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Raspberry Pi backup/restore scripts and tutorial for NOOBs based SD cards #piday #raspberrypi @Raspberry_Pi

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Via @SYSMATT – Matthew E Hoskins.

NOOBs Users: Note, My scripts on github have now been updated to support NOOBs distribution SD cards. See below in the script section for more details.

Ladies and gentlemen, if you are like me, you probably have a few raspberry pi. (Piis?) I have found them to be great little Linux development boards supported by a huge community. Whenever I need a net connected microprocessor project, the pi is an easy win. I have used it in internet connected clocks, LED signs, RGB lighting projects and so many other crazy projects. They make a great internet gateway for Arduino projects. This use is the very definition of “embedded”, a raspberry pi with no keyboard, mouse or monitor. It boots, connects and does it’s programmed task. It would be a huge inconvenience to manually configure every one of these starting from a raspbian .img file. Even if your not into electronics, manipulating the SD cards directly will make your life a little easier.

Now would be a great time to introduce my “day job”. I am a professional *NIX system administrator and system architect. So when I see a raspberry pi I see a Linux box. UNIX/Linux systems are very easy to clone, it’s just a pile of files. I will start with some basic theory and how to work with the SD card from the command line. Then, I will introduce you to my scripts which automate the process.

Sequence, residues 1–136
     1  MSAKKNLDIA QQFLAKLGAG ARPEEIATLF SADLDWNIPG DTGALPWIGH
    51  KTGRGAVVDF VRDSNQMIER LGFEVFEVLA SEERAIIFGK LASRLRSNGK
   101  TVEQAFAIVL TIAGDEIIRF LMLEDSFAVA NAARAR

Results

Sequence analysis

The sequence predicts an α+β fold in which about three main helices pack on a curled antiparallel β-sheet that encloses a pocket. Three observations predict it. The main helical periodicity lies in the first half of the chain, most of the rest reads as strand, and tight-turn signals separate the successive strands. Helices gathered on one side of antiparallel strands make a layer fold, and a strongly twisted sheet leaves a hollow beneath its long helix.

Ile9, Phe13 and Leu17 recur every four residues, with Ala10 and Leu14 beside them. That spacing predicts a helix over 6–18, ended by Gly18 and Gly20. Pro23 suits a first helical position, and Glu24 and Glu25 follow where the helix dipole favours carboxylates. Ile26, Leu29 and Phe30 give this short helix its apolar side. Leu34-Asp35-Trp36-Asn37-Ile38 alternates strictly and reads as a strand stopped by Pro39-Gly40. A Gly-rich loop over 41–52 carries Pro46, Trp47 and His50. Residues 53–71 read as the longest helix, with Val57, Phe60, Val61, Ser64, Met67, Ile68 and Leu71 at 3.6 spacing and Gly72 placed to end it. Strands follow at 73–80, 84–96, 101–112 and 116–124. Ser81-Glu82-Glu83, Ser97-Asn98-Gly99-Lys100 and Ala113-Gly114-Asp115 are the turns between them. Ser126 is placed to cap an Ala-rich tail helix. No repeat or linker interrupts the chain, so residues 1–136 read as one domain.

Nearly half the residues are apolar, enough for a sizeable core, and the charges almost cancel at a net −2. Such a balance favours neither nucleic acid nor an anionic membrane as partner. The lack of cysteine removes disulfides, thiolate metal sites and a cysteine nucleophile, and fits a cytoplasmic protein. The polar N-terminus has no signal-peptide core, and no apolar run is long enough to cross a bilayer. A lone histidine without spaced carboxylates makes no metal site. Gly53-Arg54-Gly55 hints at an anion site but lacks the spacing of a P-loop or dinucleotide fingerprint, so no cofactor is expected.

No Magic here

Exactly how the raspberry pi boots is widely misunderstood. And no wonder, it’s ummm, complicated. In almost every computer architecture “bootstrap” is messy and complicated. For the user though, the raspberry pi has kept it pretty simple, its just files on the SD. Interface wise, the SD card looks like a disk. Upon that disk are two partitions, a DOS (vfat) partition which contains almost everything necessary for booting, configuration, firmware, and kernel images. Why FAT? Well, when constructing a bootstrap process, the name of the game is simplicity and small code size. The DOS FAT filesystem is very simple compared to modern filesystems, it’s also very well understood and pretty universal. The “userland” part of the Linux operating system lives in the second partition which is usually ext4. When the raspberry pi powers on, small chunks of firmware step by step load code into the GPU and CPU until it can eventually load the Linux kernel. This finally makes the system smart enough to mount the slash “/” partition and do all the userland linuxy stuff.So once we understand how it’s using the SD card, we can duplicate it and pre-configure if before we even power it on. No magic, It’s all just regular files and some *NIX know-how.

Why not just use “dd”? The problem with the standard unix dd utility is it only copies raw disk blocks. For one, your average SD card is mostly unused disk blocks. But dd just copies them sequentially and wastes a lot of time. If you store just the OS files, you get automatic resizing when you restore your archive to a different size SD card. As long as the destination SD is big enough to hold the image, it doesn’t matter what size the source card was. Finally, the tar approach allows you to untar and re-tar the archive to modify the archive without it ever booting.

Read more.


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